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Disrupting the Dog-Meat Trade
Animal rights groups target South Korea’s taste for canines.

In January, I wrote about a raid on China’s dog-meat trade. The rescue of 149 dogs from appalling conditions provided a chilling glimpse into the supply-side of this tradition. Now we’re hearing from South Korea, where eating dog is also a strong, albeit often low-profile, practice. The Korea Animal Rights Advocates (KARA) organization estimates that more than two million dogs are killed each year for meat in South Korea. Before they are slaughtered, they endure “horrible conditions—crammed in unsanitary cages, fed with human waste food.” In the end, many are often electrocuted, hanged, burned or beaten to death because of a belief that the animals’ suffering produces a better tasting meat and enhances virility in those who consume it.

United Dogs and Cats, a social network for dog and cat owners in Europe, has launched an international petition drive to bring attention to the issue and pressure the Korean government to enforce its own animal protection measures and to ban the entire dog meat industry. United Dogs seeks no less than one million signatures, which will be presented to Korean officials by KARA. Sometimes I wonder how effective petitions are at changing policymaker’s minds but I see enormous value to a million people learning about this issue.
With all this attention on South Korea, it’s important to recognize the situation in the North, where international public opinion holds no sway, may be even more dire. According to an Agence France-Presse story in July, North Korea has been actively promoting the virtues of dog meat, including hosting dog meat food contests in Pyongyang. According to the story, hot dog meat soup is touted for its power to prevent diseases from malnutrition and bolster stamina—making it a special summer favorite in North and South Korea.

Lisa Wogan lives in Seattle and is the author of, most recently, Dog Park Wisdom. lisawogan.com
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Submitted by Anonymous | August 21 2009 |

Unfortunately, this is also the fate of animals unlucky enough to be considered food instead of pets here in our own country--cows, chickens, pigs and others. Tortured and killed after lives of extreme abuse, they are then sold as food and clothing in our grocery stores and boutiques. All animals deserve respect and consideration, and while we are horrified by this story because of the special bonds we share with dogs, we must realize that we are capable of the same transgressions. This work is vital and to be applauded, but we need not travel to Korea to become aware and create change right here at home.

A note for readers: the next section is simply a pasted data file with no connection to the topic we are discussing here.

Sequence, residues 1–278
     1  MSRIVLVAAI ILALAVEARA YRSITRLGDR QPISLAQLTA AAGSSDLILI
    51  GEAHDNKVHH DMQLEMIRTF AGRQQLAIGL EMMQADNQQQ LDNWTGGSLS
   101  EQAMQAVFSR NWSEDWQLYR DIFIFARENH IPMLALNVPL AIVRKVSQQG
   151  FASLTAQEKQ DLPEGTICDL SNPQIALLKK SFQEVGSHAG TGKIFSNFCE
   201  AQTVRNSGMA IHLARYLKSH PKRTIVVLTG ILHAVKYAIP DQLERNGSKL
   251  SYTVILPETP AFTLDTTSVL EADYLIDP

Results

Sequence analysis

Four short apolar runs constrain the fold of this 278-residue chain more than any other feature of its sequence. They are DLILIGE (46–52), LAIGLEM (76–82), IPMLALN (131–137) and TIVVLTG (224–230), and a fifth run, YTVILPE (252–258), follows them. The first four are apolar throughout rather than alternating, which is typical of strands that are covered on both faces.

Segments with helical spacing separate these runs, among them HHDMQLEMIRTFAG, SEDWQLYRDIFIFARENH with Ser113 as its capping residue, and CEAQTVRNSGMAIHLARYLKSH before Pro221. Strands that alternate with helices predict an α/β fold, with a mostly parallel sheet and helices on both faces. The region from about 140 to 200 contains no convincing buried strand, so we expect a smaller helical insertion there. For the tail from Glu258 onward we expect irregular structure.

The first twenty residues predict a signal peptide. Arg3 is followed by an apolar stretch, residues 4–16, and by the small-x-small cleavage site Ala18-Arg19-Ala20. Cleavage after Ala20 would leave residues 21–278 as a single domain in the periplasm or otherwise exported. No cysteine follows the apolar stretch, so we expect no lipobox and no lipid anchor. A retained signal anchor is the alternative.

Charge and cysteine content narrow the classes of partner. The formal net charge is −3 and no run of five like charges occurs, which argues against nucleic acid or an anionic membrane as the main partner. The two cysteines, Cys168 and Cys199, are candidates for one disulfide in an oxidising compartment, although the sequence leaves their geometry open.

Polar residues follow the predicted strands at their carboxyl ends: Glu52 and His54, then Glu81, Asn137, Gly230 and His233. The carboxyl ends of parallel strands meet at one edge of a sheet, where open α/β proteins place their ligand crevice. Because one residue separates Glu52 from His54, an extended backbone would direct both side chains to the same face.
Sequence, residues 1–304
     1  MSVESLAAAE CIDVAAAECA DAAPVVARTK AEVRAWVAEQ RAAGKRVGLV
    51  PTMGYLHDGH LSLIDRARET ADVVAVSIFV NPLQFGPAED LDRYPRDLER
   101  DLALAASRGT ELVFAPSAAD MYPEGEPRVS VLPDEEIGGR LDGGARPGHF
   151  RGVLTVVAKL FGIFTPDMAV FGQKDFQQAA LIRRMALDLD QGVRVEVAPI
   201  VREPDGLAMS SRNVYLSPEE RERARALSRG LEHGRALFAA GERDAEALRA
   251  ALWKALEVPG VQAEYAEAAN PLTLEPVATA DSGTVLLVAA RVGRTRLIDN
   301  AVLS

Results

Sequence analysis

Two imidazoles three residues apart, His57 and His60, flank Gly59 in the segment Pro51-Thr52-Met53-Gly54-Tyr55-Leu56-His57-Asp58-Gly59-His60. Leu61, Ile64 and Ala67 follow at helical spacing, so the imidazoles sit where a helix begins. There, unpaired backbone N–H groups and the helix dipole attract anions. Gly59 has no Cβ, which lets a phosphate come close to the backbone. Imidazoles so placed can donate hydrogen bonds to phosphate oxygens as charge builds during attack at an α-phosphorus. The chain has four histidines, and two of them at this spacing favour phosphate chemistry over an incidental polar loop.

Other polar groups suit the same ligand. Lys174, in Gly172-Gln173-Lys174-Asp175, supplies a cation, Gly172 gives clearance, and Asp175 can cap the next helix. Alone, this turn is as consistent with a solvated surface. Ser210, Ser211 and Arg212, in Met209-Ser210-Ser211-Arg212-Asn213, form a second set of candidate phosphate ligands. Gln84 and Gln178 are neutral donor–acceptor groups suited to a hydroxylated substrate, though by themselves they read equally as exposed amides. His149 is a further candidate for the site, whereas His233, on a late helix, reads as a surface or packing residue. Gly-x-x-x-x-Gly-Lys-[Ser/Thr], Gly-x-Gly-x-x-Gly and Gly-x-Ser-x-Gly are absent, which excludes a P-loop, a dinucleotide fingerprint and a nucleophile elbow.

Submitted by Inês | August 22 2009 |

An excellent point.

Submitted by Anonymous | August 23 2009 |

We need to do both here in the US and abroad. We are the only voice these innocent creatures have. When God created us all He gave us 'dominion' over the animals and we need to realize what 'dominion' means... we are to respect them and care for them not abuse them and mistreat them. I am a vegatarian but even so God did allow later for us to eat meat but again we are to do it humanely and with respect for the animals that give their life for us to eat.

Submitted by Kathy Khoshfahm | March 19 2013 |

The Bible was written by Man, not by God. Those who eat meat have made a personal choice to do so and not because God has allowed it.
Try taking a camera with you to the live animal makets in South Korea; there's a good chance you'll get (physically) removed. As we speak, legislation is being introduced in many states that would make it a crime to record undercover video of animal abuse in slaughterhouses.

People who abuse and torture animals are a different breed of people and they know that what they are doing is wrong. Paul McCartney was recently quoted as saying that 'if slaughterhouses had glass walls, we'd all be Vegetarian's".

We share this world with the Animal Kingdom and they have just as much a right as you and I do to live their lives free from cruelty and torture. But we deny them that right. For most animals, it is Hell on Earth.

I used to believe in God and Jesus Christ, but now I'm not so sure. I do feel, though, that there is something to all of this - this thing called "Life". There is something. And I feel that, in one way or another, we all shall be held accountable for what we've done - and haven't done - during our stay on planet Earth.

Submitted by Jazmyn | August 24 2009 |